Updates are made nightly.  Installations are currently all on site (and generally with no internet access for privacy/security reasons), and thus cannot easily share a cluster.

    Originally the data was centered around surgery, and mostly used by doctors for research, however over time we have received requests to integrate other hospital systems. This is one of the factors driving our redesign, as the system generally wasn't designed for the amount of data that is contained in all these other systems.

      Even in bigger hospitals concurrent usage is low, but could increase as we integrate more systems.  Still the number of installed terminals in the hospital is limited and generally less than 10.

    While generally the usage of our various customers is probably very similar, the amount of data varies quite a bit depending on the size of the hospital and the amount of historical data they have. 

    Going forward we want to offer our customer an option for cloud installation.  That said, many hospitals in this country(we are outside the U.S.) are very reluctant to store their patient information in the cloud, and it on site installations will likely be the main configuration for some time still.

    Also we are looking at providing a consolidated database in the cloud, so hospitals can compare their data with other hospitals.  But we would "clean" any personal/private data and also allow the hospital the option of masking the source of the data.(so other hospitals can see their data, but don't know what hospital it came from)  This is something that is far more acceptable here as long as sensitive data is removed or mask, and is also something we receive requests for.(as more data can lead to more accurate research)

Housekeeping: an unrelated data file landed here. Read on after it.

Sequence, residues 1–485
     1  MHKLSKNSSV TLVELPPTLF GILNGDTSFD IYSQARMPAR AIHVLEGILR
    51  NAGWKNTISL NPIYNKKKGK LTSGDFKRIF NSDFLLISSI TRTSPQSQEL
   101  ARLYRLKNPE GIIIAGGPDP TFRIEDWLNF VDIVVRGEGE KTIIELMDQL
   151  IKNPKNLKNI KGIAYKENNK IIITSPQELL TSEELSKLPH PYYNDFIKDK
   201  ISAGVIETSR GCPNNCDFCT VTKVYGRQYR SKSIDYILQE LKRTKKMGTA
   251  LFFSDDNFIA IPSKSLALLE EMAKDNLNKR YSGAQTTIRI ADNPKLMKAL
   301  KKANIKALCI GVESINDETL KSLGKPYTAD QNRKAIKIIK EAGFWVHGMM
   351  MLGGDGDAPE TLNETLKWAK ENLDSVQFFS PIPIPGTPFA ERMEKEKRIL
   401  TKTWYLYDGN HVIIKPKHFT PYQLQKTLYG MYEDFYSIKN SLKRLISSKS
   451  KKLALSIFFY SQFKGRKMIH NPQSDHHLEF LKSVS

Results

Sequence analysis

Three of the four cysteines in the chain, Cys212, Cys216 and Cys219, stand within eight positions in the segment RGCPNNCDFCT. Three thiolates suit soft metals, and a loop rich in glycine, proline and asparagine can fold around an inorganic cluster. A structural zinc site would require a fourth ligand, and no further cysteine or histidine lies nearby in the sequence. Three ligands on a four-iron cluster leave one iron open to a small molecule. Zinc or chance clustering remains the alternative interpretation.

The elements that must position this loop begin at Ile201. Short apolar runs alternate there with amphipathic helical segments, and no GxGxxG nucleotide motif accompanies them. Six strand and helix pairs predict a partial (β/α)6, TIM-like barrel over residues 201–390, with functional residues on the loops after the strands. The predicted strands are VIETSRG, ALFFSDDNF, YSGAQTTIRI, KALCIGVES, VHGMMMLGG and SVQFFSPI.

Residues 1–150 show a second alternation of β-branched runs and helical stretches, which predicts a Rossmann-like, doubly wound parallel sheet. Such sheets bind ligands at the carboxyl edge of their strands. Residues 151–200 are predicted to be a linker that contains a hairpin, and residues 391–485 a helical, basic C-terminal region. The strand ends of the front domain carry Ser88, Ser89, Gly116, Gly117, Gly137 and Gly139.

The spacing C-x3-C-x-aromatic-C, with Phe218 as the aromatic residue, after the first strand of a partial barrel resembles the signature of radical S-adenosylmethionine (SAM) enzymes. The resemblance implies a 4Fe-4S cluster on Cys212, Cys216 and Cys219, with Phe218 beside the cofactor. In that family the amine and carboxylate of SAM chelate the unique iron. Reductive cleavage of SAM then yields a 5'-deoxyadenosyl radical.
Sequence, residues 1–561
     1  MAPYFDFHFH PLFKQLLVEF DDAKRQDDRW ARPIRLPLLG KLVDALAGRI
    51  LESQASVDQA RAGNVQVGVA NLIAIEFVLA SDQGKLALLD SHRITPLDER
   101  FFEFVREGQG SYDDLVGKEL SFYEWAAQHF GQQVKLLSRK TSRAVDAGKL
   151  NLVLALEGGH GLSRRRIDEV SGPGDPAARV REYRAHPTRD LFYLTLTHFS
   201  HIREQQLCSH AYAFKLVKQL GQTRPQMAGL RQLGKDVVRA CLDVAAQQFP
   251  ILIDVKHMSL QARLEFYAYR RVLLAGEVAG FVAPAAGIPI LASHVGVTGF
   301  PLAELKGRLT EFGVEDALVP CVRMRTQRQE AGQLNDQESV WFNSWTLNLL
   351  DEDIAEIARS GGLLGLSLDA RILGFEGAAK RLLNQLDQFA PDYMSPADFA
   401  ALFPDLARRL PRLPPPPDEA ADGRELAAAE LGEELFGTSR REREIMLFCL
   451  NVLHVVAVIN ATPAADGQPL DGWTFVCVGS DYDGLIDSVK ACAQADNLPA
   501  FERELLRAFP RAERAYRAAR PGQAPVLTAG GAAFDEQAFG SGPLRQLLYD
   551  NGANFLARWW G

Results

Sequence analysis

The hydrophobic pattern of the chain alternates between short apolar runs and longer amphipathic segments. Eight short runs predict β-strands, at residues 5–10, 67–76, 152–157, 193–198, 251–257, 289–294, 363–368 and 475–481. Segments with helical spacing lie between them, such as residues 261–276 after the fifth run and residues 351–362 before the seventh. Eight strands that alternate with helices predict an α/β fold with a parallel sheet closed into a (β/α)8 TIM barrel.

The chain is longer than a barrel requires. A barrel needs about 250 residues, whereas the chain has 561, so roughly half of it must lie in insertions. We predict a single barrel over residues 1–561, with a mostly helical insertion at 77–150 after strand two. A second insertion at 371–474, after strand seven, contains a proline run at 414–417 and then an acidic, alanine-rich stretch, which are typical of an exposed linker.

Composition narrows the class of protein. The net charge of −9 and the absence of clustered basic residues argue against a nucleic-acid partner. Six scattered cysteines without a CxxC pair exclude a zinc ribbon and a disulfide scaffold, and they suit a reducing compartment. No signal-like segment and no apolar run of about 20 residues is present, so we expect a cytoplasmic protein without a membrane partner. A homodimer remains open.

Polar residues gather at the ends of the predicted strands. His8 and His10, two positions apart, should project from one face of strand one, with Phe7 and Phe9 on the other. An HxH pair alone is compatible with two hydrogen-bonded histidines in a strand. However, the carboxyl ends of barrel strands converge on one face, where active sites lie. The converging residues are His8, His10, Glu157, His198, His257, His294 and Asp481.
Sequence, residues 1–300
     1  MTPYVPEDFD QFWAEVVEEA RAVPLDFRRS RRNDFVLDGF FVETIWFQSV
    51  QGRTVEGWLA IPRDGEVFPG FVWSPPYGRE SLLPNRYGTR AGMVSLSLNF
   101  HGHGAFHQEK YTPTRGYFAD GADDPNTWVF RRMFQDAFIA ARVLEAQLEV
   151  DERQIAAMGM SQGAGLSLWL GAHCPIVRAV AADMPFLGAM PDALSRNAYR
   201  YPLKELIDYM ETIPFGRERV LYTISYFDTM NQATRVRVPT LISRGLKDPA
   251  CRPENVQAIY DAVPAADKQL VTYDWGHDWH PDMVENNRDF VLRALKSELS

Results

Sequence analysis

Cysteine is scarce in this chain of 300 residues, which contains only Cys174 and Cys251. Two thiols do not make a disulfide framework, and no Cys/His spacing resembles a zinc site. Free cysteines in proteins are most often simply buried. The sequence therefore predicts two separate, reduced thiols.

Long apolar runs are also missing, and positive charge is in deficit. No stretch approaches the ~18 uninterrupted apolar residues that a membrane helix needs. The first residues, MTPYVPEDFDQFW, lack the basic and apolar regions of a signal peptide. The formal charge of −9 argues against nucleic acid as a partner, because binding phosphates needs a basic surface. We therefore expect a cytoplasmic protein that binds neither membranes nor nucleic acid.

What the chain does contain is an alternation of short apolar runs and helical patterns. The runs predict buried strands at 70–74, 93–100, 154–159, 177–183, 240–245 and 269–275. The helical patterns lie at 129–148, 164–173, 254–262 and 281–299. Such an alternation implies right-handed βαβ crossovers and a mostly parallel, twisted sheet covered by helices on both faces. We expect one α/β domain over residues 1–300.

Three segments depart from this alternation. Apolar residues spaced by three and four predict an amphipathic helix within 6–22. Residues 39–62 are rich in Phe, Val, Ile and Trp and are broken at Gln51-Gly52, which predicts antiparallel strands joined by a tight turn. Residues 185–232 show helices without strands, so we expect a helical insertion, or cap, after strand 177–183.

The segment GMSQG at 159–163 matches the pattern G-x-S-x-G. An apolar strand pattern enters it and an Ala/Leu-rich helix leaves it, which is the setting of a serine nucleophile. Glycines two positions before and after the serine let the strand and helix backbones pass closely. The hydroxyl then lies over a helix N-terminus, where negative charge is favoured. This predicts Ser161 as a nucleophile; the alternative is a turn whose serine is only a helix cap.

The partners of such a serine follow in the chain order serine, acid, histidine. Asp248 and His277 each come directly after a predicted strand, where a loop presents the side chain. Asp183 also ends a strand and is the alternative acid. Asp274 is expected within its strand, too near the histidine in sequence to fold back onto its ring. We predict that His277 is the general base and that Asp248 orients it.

We don't want to have to develop separate interfaces and databases for each scenario, so we really want something that performs well on the low end but we want to be able to scale it up to the national level(well our customers at the national level anyway).  




  • So in the specific case above, would vertica be able to perform well with one node on the low end?  (Data less than 100GB in most cases, less than 5 concurrent users)  I am assuming the high end is fine with appropriate hardware.

     

    I am really looking for something that scales well from the low end so we can go with the same platform for all of our customers/scenarios, and more expensive hardware for something that currently runs fine on the low end is something that won't go over well with customers.

     

     

  • Hi,

    Sorry for the delay in response, with the change of community platform and I did not notice when you replied.

     

    Going back to your issue, It will always depends of the design that you have. I can't tell you how much is big and how many are too many, but when you install the Management Console you will see how much memory the catalog is using. If the Catalog use more than 5% of your System Memory, beside changing the resource pool to reflect that, we need to investigate if it is related to Number of objects of fragmentation of the data that is stored in disk. There is some analysis to be done.

     

    You can have wider tables in Vertica and should not be a problem. It is a columnar database so when you query it will chose the columns that you need, however, there is some loading implications as Vertica will need to reserve memory to be able to accommodate all the columns when you load, so the wider the table, less rows that it could process together, making it slowER, not slow compare to other solutions. But this will depend on the columns type and and length.

     

    I think that you should benefit with some PS help. You should contact them just go get more advice related to your use case.

     

    Eugenia